As much as science has uncovered about the human brain, the relationship between brain and movement remains relatively unclear. For example, when attempting to point to or touch a specific, moving target, response times vary based on a wide variety of factors. While certain laws and formulas attempt to form a connection between movement and variables such as target size and distance, there is still much work to be done about how the brain interprets and carries out movement.
Over the summer, Elin Lantz ’13 and Robert Hawkins ’13 will work with Professor of Psychology and Neuroscience Jonathan Vaughan on a study of how speed and accuracy of movement are different in the right and left hands.
They will build off Professor Vaughan’s previous studies regarding movement from past summers. Specifically, Lantz and Hawkins will draw from Fitts’s Law, which relates the size and distance of a given “target area” to the speed with which a person can move to that target. Simply put, Lantz describes Fitts’s law as “a mathematical measurement of how easy certain movements are.” For their study, Lantz and Hawkins will compare speed of movement toward a target between the right and left hand. In other words, they will compare “ease of movement” between two hands.
Study participants were asked to rapidly tap a set of targets with a pointer, while an instrument called a Nest of Birds picked up where and when a movement is made. The researchers can then translate the Nest of Birds’ recordings to MATLAB computer software, creating readable data.
The team ultimately hopes to find support for the Liepmann Model, which states that the left hemisphere of the brain controls action-initiation, and so it takes time for the action to carry over to the right hemisphere. Because the right hemisphere controls the left hand and the left hemisphere controls the right, Liepmann’s Model translates into faster movements in the right hand. This is because the action is carried out from the same hemisphere that it originates in. The group will focus their study on right-handed people, though they are also compiling a smaller data set on left-handed people that may be used later.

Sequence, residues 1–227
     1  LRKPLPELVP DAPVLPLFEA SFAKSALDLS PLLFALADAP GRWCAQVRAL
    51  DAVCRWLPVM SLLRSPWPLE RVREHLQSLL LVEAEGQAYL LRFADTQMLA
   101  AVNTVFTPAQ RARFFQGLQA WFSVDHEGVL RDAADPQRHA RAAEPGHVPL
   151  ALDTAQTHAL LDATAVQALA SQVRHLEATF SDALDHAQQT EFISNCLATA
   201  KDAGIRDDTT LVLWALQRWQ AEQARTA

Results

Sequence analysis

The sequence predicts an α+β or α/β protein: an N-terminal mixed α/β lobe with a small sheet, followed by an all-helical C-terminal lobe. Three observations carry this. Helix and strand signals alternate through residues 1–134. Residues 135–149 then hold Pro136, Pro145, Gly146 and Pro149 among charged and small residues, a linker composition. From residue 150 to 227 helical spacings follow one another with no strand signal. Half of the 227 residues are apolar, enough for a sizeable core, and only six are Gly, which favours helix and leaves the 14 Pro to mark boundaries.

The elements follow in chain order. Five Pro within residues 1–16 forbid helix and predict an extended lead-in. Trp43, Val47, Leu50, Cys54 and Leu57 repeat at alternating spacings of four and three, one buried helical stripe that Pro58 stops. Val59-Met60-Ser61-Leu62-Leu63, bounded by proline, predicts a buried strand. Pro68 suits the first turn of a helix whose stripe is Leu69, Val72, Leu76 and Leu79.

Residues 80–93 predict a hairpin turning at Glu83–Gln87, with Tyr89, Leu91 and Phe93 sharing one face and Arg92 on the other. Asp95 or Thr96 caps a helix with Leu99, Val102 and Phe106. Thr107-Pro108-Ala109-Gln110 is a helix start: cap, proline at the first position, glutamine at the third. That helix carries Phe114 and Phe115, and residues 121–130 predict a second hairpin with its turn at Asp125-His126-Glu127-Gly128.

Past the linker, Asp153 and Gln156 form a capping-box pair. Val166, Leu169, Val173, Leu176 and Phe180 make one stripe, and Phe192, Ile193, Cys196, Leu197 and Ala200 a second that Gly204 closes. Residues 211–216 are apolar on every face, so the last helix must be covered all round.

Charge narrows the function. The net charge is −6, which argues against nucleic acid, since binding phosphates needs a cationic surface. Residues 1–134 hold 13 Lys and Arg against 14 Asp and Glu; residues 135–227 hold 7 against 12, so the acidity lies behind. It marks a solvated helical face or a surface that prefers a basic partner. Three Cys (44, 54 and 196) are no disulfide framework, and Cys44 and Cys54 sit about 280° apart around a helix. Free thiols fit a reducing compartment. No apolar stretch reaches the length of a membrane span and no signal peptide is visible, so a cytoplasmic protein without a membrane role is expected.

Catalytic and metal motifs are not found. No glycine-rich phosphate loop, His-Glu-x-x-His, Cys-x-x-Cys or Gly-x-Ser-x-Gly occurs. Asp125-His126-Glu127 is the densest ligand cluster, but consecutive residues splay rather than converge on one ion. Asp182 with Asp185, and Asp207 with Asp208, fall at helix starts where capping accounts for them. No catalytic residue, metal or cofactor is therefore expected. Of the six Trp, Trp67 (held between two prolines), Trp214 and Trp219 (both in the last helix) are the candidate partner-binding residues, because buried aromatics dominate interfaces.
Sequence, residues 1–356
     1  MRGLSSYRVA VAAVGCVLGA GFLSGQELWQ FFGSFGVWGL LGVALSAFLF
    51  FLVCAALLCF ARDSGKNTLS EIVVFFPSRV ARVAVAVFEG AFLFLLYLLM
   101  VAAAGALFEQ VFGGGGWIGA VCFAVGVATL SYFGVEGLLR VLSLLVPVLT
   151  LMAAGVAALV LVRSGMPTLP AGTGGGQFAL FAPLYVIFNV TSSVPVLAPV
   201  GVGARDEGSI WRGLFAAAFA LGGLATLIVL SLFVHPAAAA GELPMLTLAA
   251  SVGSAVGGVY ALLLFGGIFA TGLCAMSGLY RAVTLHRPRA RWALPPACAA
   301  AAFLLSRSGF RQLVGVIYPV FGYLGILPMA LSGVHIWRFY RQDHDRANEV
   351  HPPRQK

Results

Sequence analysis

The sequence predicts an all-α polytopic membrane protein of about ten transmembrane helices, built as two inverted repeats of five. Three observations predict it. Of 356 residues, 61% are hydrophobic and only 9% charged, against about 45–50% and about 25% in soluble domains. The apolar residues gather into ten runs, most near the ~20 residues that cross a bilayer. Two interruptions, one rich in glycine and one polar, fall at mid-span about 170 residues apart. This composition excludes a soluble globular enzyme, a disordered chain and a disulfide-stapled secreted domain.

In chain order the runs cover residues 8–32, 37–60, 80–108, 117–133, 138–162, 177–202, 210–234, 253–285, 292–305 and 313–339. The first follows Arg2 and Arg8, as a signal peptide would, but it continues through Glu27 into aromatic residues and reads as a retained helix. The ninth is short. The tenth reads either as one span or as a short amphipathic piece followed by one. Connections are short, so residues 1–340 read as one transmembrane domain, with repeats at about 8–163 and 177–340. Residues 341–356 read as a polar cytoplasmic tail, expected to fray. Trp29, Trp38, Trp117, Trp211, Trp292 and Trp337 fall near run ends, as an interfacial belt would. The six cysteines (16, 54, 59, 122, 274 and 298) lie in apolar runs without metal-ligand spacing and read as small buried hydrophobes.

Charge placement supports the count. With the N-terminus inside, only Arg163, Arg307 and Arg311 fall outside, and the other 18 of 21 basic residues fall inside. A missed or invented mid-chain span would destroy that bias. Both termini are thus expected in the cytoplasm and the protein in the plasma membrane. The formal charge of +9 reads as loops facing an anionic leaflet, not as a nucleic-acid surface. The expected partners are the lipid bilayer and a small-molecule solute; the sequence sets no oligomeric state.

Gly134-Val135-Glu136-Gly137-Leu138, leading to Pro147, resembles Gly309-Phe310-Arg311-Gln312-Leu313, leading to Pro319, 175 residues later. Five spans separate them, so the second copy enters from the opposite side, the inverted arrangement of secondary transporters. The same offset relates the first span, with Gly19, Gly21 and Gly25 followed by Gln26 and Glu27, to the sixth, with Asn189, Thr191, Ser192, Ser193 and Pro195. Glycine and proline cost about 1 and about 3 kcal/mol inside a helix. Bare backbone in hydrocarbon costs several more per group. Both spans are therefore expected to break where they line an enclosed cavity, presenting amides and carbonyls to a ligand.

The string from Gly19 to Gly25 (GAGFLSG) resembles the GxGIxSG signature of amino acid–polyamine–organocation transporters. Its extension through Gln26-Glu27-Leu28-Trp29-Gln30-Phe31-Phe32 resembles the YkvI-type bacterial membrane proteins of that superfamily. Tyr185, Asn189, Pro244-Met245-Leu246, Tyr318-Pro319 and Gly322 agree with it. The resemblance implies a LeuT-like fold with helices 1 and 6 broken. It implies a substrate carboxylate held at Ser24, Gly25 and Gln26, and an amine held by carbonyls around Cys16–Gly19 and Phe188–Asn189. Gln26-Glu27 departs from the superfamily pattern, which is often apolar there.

Hawkins, Lantz and Vaughan have already finished running participants for their first experiment and are now performing data analysis on their findings. After this step is completed, they will evaluate their findings in order to design the next step of the study. They plan to focus on a particularly interesting or unexpected aspect of the current experiment to create future experiments. To inform their research further, Lantz and Hawkins will also study published literature on the subject.
According to Lantz, a psychology major with a history minor, motor planning is a mysterious aspect of neuroscience, and the opportunity to explore it further is both interesting and exciting. She enjoys the process of planning and executing experiments. On the other hand, Hawkins, a neuroscience major, most looks forward to observing data, or the final results of the experiments. Both students also anticipate the prospect of becoming better acquainted with MATLAB, which is useful in much of psychology research.
In his free time, Hawkins enjoys archery and fencing. He also has a passion for writing and plans to take on a creative writing minor. Lantz’s other interests include history, which she explores in her minor. She plays the violin in the college orchestra, takes violin lessons, and has participated in various theater productions at Hamilton.
The two students look forward to their summer research and find it not only immediately interesting, but highly applicable to their future in psychology or neuroscience.
Hawkins is a graduate of the Charter School of Wilmington, Del. Lantz is a graduate of Benilde-St. Margaret’s School in Minnesota.